Counterexamples to the Bible

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There are no Counterexamples to the Bible. This is in contrast with:

Opponents of the teachings of the Bible have tried mightily to prove statements in it to be false, but every attempt has failed. In a highly quoted passage Professor Bernard Ramm wrote in his work Protestant evidences concerning the Bible:

Jews preserved it as no other manuscript has ever been preserved. With their massora they kept tabs on every letter, syllable, word and paragraph. They had special classes of men within their culture whose sole duty was to preserve and transmit these documents with practically perfect fidelity – scribes, lawyers, masoretes.

In regard to the New Testament, there are about 13,000 manuscripts, complete and incomplete, in Greek and other languages, that have survived from antiquity.

A thousand times over, the death knell of the Bible has been sounded, the funeral procession formed, the inscription cut on the tombstone, and committal read. But somehow the corpse never stays put. No other book has been so chopped, knifed, sifted, scrutinized, and vilified. What book on philosophy or religion or psychology or belles lettres of classical or modern times has been subject to such a mass attack as the Bible? With such venom and skepticism? With such thoroughness and erudition? Upon every chapter, line and tenet?

The Bible is still loved by millions, read by millions, and studied by millions."[1]

Here is a growing list of disproved counterexamples:

  • that the wall of Jericho described in the Bible never existed and that people did not live there as described in the Old Testament; 19th century archaeologists could not find evidence of that civilization in the biblical time period.
Disproof: archaeologist John Garstang discovered an intricate (collapsed) wall of Jericho during digging in 1930-36.
Disproof: archeologists excavating an ancient amphitheater in Palestine discovered in 1961 a massive limestone having the inscription, "Pontius Pilate, Prefect of Judea."[2]
  • that there was only weak evidence for the existence of the high priest Caiaphas, who according to the New Testament turned Jesus over to Pilate for Crucifixion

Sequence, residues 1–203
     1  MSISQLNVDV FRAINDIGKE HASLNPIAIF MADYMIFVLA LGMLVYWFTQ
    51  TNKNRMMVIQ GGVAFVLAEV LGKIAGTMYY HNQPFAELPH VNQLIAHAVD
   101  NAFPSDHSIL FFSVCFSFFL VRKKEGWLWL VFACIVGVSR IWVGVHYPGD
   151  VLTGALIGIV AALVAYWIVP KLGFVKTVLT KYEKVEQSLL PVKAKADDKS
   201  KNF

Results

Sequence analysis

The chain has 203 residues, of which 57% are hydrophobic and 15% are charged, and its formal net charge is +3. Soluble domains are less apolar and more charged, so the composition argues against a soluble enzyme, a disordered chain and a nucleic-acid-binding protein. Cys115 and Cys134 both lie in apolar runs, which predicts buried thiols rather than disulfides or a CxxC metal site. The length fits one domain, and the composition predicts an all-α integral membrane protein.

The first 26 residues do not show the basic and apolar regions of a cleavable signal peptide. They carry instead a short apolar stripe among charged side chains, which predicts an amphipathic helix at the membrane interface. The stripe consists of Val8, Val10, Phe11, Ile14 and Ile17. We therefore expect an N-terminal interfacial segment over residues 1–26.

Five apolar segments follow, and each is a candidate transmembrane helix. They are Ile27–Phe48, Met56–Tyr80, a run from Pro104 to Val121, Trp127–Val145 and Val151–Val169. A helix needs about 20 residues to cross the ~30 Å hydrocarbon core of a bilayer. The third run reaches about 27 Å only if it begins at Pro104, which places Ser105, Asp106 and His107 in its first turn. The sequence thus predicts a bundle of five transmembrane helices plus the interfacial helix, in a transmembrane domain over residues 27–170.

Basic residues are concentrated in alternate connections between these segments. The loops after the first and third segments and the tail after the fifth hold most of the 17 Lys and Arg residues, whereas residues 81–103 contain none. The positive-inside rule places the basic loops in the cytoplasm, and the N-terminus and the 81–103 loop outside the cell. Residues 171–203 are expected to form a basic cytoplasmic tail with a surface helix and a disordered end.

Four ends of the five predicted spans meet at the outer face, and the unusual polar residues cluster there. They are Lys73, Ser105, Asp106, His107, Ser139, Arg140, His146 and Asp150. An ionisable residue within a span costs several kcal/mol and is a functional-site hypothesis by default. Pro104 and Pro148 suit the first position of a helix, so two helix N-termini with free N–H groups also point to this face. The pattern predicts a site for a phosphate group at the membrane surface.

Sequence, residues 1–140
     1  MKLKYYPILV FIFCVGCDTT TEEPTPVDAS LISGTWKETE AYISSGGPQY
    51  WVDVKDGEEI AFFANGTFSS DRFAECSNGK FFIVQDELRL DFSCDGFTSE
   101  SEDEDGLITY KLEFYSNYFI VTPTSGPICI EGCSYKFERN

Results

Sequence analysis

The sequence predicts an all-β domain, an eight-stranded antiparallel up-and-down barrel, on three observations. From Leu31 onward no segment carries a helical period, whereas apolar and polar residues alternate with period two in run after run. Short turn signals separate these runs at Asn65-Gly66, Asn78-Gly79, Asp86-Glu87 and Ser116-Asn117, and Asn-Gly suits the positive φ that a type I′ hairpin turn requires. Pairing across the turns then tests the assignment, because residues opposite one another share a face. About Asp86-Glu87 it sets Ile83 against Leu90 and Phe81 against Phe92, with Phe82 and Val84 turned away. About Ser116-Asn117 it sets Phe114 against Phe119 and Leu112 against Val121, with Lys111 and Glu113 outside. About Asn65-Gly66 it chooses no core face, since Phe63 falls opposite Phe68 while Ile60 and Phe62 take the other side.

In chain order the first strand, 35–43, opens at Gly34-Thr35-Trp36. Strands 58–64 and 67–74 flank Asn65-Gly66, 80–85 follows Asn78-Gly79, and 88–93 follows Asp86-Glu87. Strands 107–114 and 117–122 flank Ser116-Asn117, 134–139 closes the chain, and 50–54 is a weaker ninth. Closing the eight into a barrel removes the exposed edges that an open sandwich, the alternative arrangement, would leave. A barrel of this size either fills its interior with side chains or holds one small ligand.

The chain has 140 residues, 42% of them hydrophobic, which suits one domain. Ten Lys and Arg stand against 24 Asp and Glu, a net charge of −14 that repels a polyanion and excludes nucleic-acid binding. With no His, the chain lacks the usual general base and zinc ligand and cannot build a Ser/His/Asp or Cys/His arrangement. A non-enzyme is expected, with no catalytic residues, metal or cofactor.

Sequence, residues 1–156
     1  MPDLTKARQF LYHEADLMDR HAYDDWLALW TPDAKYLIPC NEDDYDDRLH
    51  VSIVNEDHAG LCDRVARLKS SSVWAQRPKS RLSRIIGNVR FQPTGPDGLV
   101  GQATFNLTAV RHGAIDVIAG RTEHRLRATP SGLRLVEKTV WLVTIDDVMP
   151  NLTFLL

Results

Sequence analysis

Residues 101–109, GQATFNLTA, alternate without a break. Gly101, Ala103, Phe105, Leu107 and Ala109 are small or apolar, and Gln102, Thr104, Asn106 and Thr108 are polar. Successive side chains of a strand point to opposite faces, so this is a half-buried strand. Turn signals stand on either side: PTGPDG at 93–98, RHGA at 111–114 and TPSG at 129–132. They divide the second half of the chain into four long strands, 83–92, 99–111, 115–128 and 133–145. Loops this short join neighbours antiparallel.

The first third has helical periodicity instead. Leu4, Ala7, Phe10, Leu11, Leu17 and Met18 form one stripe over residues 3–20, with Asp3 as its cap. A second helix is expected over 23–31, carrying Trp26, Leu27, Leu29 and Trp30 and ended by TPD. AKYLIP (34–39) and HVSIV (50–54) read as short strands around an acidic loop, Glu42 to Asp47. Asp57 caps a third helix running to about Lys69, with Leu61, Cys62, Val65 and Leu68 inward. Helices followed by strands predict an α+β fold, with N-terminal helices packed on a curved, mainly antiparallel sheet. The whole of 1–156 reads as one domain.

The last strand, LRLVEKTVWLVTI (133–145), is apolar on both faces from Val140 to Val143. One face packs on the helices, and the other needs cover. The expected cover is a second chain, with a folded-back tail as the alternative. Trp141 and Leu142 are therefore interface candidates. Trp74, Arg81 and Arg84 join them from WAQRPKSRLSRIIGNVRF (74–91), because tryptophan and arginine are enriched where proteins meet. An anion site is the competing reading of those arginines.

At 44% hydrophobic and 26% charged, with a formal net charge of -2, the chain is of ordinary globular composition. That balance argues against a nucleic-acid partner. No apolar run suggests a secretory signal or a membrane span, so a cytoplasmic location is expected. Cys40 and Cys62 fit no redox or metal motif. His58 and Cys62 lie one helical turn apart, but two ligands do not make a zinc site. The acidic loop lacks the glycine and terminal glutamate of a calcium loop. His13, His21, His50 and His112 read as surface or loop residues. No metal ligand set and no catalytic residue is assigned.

Disproof: in 1990, archaeologists discovered a burial cave dating from around 50 A.D., only 20 years after the Crucifixion, which contained a stone ossuary engraved with his formal name "Jehosaph son of Caiapha."
  • that the Hittites—mentioned more than 50 times in the Old Testament, did not exist because no trace of this ancient civilization could be found for many years.
Disproof: Archeological discoveries in the 19th and 20th centuries proved that the Hittites existed as the Bible describes.
  • that theories of modern physics proved there was no creation, and thus the Genesis account could not possibly be correct.
Disproof: the Catholic priest Georges-Henri Lemaitre proved, against the resistance of anti-Bible scientists, that modern theories of physics themselves required the occurrence of a singular creation; this was first ridiculed with the term Big Bang but then later accepted by the atheists.
  • that the pool of Siloam described in John 9:7, where Jesus restored sight to a blind man and told him to wash the mud from his eyes, and the pool of Bethesda with five covered colonnades, also described in John, did not exist because no one had previously found them.
Disproof: the pool of Bethesda was discovered in 1957-62, just as described in the Gospel of John with the five covered colonnades, and the pool of Siloam was also discovered, in 2004.[3]
  • that a census could not have occurred around 6 B.C., shortly after Jesus's birth, as described in the Gospel of Luke.
Disproof: In 1912, W.M. Ramsey discovered a fragment proving that a new seat of government was established in Syria, which included Palestine, between 10 and 7 B.C., which would have necessitated one or more censuses shortly thereafter. There is additional evidence of a census in Palestine at this time in the writings of Tertullian.[4]
Disproof: There is no inconsistency.[5]
  • that the Bible incorrectly states the number of feet on an insect
Disproof: Once the meaning of "leg" is correctly understood, it is seen that the Bible is right.[6]
  • that biblical inerrancy does not hold true because in James 5:12, as well as during Jesus's Sermon on the Mount in Matthew 5:33-37, swearing oaths are forbidden, but elsewhere in the Bible prominent figures take such oaths (Paul in 2 Cor. 1:23 and Gal. 1:20, and Jesus himself in Matthew 26:63)
Disproof: The passages in James and in Jesus's Sermon on the Mount refer to a different kind of swearing.[7]

(add to list)

See also


  1. Bernard Ramm, Protestant evidences
  5. Does Genesis 30:9 teach "magical genetics"? from Tektonics
  6. Is the Bible wrong about insects having "four feet"? from Tektonics